New Roots Life Changing Loaf of Bread (for constipation)
This recipe is for a whole-grain, gluten-free, no-knead, no-mess, life-changing loaf of bread. (see photo above) Thank you Mary, for sharing with us! It is made of nuts and seeds, rolled oats, salt, maple syrup and coconut oil. Easy to make, and I was assured that it is more effective than any of the usual recommendations for constipation. If you try it, can you please let me know what you think of it and it’s effectiveness?
Click here for the recipe.

Outreach at Virginia Hospital Center – April 1
Thank you to everyone who joined us at Virginia Hosptial Center (main hospital) for our first outreach this month! We met with staff, patients, and visitors, as they stopped by our table on the way to and from the cafeteria. We shared information about Parkinson’s, and Parkinson Social Network, including our new Side by Side support groups. It was also fun to catch up with friends.

We will have two more outreach events:
at Fair Oaks Hospital
on Monday, April 22 and Friday, April 26, from 11:00 – 2:00 pm.
Once again, we’ll be outside the cafeteria – just inside the main entrance. Free valet parking is available.
If you’d like to help out, please contact me. Even if you can only stay for part of the time, that’s ok! By sharing your experiences, and listening to others you’ll help them feel less alone.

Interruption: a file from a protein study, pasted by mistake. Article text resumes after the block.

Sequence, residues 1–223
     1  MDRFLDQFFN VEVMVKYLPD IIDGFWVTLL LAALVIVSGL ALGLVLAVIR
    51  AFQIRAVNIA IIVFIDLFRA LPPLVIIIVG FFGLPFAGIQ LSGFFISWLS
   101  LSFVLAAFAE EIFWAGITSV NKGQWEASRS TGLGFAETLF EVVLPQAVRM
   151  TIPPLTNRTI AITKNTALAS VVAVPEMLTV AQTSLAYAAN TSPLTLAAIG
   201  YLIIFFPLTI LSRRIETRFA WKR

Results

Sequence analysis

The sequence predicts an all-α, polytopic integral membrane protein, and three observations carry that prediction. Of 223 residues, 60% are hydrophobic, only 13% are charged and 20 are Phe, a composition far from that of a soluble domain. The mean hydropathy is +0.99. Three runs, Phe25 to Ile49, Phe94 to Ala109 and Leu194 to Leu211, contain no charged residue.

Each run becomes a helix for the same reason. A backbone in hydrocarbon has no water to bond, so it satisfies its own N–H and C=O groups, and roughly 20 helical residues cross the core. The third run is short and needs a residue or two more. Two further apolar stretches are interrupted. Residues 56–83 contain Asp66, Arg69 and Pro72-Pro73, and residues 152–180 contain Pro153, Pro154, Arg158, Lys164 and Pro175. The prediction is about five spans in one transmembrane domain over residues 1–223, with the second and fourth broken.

April is . . . Parkinson’s Awareness Month!
Check out what’s happening in Northern Virginia this month as we raise awareness.
Click here for more info.

Hope to see you Out & About in April!
Next week we’ll be at our new Side by Side support groups in Arlington. On World Parkinson Day – April 11 – we’ll be at Tall Oaks assisted living to hear Karl and Angela Robb, and Dr. Drew Falconer. Will we see you there? (click here for more info)


Check out what’s happening in Northern Virginia for Parkinson’s Awareness Month!

April is Parkinson's Awareness Month

PSN will be out and about in the community
raising awareness, learning from others,
and catching up with friends.
Hope you can join us!

Please help us with planning
and click on the links to RSVP for the events you’d like to attend.
Family and friends are welcome to join us, too!

PSN Outreach event at Virginia Hospital Center
Monday, April 1 – no joke!!

11:00 am – 2:00 pm
Virginia Hospital Center – main hospital, outside the cafeteria
1701 N George Mason Drive, Arlington, VA 22205